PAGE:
Leaves of three, let it be
Time to call Poison Ivy Gone
Things you may not know about poison ivy – but should
Urushiol (u-ROO-she-ol), the culprit in poison ivy, is found in leaves, stems and roots of the plant.
Three out of four people who come in contact with urushiol will develop a rash, an allergic dermatitis.
The first contact with urushiol often does not cause a reaction. However, the immune system goes on the defense and the next contact will result in an allergic reaction.
Skin must come in direct contact with the oil to be affected but it can be spread by contaminated hands, clothing, tools, sporting equipment, etc. The contamination can last for five years. The blister fluid does not spread the rash.
Symptoms, 12-48 hours after exposure: redness, itching, swelling, streaky or patchy rash, red bumps, blisters, sometimes oozing. Typically lasts 5-12 days, 30 days or longer in severe cases.
Medical attention is needed if there is a rash on face, lips, eyes or genitals, severe swelling, difficulty in breathing or a widespread reaction.
Never burn poison ivy. While the oil cannot be inhaled from the plant, burning results in toxic smoke that can cause a serious reaction in the lungs, nasal passages and throat.
Urushiol oil remains in the stems of poison ivy for years after the plant dies.
To prevent infection after contact, shower in cool water as soon as possible. Wash toys and tools in soap and cold water.
BY GINNY RAUE
OAKLAND — You went to sleep fine last night but woke up this morning with blisters and itching skin. Sure, you were weeding yesterday but you had on your garden gloves. So how did you get poison ivy?
According to George Louvis, the marketing director for Poison Ivy Gone, your cloth gloves act like a sponge, absorbing the urushiol oil in poison ivy, increasing the amount of oil that comes in contact with your skin and making your allergic reaction even worse.
Poison Ivy Gone
Oakland, New Jersey
Free estimates available
Business hours: Mon.-Fri. 8:30 a.m. to 4:30 p.m. Closed Sat. and Sun.
Based in Oakland, Poison Ivy Gone has over 28 years of experience in professionally removing poison ivy in Northern New Jersey but they have also worked in Orange and Rockland counties, Pennsylvania and South Jersey. They service residential and commercial properties as well as others sites, such as country clubs, playgrounds and schools. They are Service Award winners on Angie’s List.
“She comes on like a rose, but everybody knows, she’ll get you in Dutch….”
Louvis reports that poison ivy starts to grow in the spring and he said this year’s weather conditions created the perfect storm.
“It’s a weed, so there’s not much that stops its growth. It’s a vicious and invasive plant and it doesn’t take a lot for it to take over,” he said.
Poison ivy can grow anywhere but usually pops up around the borders of your property or near the house. It roots well in mulch, flower beds and woods, where there is little activity, and tends to shoot off in many directions.
“It’s very aggressive and it spreads in two ways; along the ground, where it gets longer and bigger and then every so often it shoots vertical. That’s when it reproduces and drops seeds. When it starts climbing it’s getting ready to have babies,” he said.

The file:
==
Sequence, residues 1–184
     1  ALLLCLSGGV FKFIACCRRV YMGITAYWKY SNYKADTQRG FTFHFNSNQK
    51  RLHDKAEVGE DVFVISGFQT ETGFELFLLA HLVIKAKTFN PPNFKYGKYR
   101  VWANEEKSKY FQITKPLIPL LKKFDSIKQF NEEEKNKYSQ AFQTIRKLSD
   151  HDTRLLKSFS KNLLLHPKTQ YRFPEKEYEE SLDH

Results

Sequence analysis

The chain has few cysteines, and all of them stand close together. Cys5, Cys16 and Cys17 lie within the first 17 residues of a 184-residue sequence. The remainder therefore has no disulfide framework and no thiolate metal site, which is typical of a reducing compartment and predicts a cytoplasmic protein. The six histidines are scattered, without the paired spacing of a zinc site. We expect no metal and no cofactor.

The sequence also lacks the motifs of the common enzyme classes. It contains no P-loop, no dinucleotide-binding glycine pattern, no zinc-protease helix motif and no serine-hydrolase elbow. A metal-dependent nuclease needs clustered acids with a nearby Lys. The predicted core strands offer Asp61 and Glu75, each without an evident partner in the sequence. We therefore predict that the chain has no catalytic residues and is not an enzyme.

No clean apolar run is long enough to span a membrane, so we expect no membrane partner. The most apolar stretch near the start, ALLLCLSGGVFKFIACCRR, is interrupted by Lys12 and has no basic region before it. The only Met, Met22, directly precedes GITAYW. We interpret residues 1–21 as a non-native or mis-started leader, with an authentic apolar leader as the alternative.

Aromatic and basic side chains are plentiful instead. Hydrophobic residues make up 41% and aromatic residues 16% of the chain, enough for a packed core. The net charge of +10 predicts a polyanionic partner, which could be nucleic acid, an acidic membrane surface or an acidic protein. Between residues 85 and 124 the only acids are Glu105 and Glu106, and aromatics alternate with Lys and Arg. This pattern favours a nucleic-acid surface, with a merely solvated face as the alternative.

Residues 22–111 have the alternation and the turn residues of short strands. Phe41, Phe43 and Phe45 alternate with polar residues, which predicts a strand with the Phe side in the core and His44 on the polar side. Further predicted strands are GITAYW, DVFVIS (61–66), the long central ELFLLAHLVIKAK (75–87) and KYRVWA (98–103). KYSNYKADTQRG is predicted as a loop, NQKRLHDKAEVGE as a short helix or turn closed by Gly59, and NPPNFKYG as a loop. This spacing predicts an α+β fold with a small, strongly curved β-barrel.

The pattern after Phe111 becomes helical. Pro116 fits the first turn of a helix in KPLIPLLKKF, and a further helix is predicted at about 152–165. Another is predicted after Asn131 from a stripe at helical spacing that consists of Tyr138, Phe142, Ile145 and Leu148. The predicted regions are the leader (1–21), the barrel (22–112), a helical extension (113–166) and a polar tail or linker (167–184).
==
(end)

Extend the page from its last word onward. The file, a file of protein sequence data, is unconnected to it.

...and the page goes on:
Your dog can take a walk on the wild side in poison ivy and suffer no ill effects, but once you pet your furry friend, who carries the oil on his coat, you’re in trouble. Backyard birds are also culprits in the itchy world of poison ivy. They ingest the berries of the plant and as they do a fly-over they pass the seeds, perfectly encased in their own little sack of fertilizer. No harm intended, but now you are in deep doo-doo and have a good chance of becoming a host property for poison ivy.
“You can look but you’d better not touch….”
Attempting to eliminate poison ivy with a lawn mower or weed whacker only succeeds in spreading the oil on the grass, in the bushes, on your shoes and pant legs. Your tools are also contaminated for the next five years unless they are properly cleaned. And it gets worse.
“When your kids play in the yard the oil is all over the lawn,” Louvis said.
“She’s pretty as a daisy, but look out man, she’s crazy….”
Poison ivy is easiest to identify from April to October. It goes dormant after the fall, but doesn’t die and you can still get a rash in the dead of winter. While the leaves remain is the best time to call Poison Ivy Gone.
“It’s never a do-it-yourself job. Our guys recognize it, figure out where it’s coming from, remove it completely and show you how to keep it from coming back,” Louvis said.
Poison Ivy Gone’s preferred method is to remove it by hand, just beneath ground level, or in the case of significant infestation, by machine.
Sometimes customers prefer the use of an herbicide to protect certain plants from harm. In that case, Poison Ivy Gone technicians use a paint brush to apply the herbicide to the poison ivy leaves, killing off the noxious plant only.
“They are skilled and careful and we are licensed to use herbicides,” Louvis said.
“You’re gonna need an ocean of calamine lotion….”
Poison Ivy Gone technicians know how to protect themselves so they’re not scratching like a hound the minute they mess around with poison ivy.
“The guys are basically in haz-mat suits. They take an oral product and use a cream on their skin. The suits are destroyed afterwards; you can’t re-use anything in this business,” Louvis said.
Poison Ivy Gone removes the poison ivy from the ground then carts it away from your property to a secure location.
And then the Poison Ivy is Gone.
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